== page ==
The “Four Dances” — each efficient but rapturous in their own ways — are at their best when most kinetic; Noseda was able to harness that energy and propel it forward in the suite’s bookending movements. In between, the undulating colors of the soft, sensuous second movement — “Danza del Trigo” (“The Wheat Dance”) — were deftly threaded together by Aaron Goldman’s flute and concertmaster Nurit Bar-Josef. And the bombastic interlude of the third movement — “Los Peones de Hacienda” (“The Cattlemen”) — was another reminder of why Jauvon Gilliam on timpani continues to be one of my favorite contributors to this increasingly powerful orchestra.

Noseda prefaced the final piece of the evening with a deep breath and a long look around the hall, saying: “You cannot imagine how much I have missed the NSO, its musicians and you, the beloved audience.” He also pointed out the absence of any big-name guests on the program. “The stars,” he said, gesturing toward the orchestra, “are them.”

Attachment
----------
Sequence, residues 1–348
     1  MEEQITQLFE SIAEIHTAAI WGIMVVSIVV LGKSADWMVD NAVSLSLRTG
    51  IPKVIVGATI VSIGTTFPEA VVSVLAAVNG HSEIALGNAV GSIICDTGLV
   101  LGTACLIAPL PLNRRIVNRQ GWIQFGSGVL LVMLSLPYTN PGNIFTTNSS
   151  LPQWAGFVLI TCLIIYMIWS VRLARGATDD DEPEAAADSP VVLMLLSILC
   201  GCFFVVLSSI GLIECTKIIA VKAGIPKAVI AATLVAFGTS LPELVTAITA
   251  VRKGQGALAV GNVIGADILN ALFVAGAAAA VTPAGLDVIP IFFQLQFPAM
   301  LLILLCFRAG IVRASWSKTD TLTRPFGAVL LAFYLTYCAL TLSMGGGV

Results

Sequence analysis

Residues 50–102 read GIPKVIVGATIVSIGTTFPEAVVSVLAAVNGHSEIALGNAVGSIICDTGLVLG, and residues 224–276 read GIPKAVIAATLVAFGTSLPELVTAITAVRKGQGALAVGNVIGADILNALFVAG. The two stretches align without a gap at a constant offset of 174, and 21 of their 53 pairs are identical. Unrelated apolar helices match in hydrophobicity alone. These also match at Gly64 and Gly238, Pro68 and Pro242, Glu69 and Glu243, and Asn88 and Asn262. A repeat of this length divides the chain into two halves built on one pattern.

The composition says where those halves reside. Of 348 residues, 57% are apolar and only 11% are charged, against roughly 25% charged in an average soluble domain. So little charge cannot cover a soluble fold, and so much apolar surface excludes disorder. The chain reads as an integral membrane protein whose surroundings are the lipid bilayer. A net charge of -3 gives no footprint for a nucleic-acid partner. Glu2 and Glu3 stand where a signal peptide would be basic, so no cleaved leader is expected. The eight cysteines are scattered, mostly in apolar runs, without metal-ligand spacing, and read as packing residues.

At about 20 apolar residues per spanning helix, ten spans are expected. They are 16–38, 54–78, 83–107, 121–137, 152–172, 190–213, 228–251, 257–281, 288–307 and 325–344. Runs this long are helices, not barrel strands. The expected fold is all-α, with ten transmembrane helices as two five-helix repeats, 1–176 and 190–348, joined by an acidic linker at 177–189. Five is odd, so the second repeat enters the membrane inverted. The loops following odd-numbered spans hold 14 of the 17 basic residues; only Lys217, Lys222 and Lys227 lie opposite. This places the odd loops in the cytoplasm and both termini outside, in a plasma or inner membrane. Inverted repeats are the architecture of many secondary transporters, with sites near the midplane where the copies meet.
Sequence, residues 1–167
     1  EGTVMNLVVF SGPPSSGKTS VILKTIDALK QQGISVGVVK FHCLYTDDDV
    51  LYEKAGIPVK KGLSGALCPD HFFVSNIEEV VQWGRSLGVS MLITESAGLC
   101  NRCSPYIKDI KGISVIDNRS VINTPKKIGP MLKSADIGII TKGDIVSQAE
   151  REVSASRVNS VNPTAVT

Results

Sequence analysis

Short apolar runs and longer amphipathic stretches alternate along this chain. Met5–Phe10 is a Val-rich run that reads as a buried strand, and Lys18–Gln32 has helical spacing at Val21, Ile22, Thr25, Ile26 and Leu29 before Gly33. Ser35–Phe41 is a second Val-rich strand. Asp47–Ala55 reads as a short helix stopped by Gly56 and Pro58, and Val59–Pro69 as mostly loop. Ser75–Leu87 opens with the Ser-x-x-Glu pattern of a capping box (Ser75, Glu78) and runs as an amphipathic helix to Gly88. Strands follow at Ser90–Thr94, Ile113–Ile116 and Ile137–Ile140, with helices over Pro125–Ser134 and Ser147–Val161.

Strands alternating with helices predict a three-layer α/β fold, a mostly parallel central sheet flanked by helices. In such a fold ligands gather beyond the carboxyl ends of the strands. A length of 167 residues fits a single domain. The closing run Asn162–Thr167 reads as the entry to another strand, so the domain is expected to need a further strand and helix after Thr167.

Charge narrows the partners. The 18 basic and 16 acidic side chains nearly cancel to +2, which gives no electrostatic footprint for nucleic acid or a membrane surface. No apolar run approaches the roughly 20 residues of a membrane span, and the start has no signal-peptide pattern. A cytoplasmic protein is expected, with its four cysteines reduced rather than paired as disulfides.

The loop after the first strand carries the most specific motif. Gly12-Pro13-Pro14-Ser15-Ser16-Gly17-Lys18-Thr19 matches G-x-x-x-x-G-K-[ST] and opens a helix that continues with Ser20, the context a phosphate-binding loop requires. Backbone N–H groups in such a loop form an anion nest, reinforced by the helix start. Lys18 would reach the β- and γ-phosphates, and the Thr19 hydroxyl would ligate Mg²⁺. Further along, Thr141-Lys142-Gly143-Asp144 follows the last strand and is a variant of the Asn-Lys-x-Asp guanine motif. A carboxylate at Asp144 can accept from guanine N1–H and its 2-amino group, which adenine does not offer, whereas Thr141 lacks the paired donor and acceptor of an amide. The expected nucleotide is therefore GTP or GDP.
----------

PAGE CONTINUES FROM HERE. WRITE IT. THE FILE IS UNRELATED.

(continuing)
The opener’s closer was “Shéhérazade,” Nikolai Rimsky-Korsakov’s 1888 symphonic suite, composed to evoke (in brilliant but broad strokes) “One Thousand and One Nights.” Not only is it one of Rimsky-Korsakov’s most generous compositions when it comes to sheer melodic beauty and variety, but it’s also delightfully meta: a story about stories, and how the right stories can change who we are. (Or, in the case of Shéhérazade, indefinitely postpone our presumed beheadings.)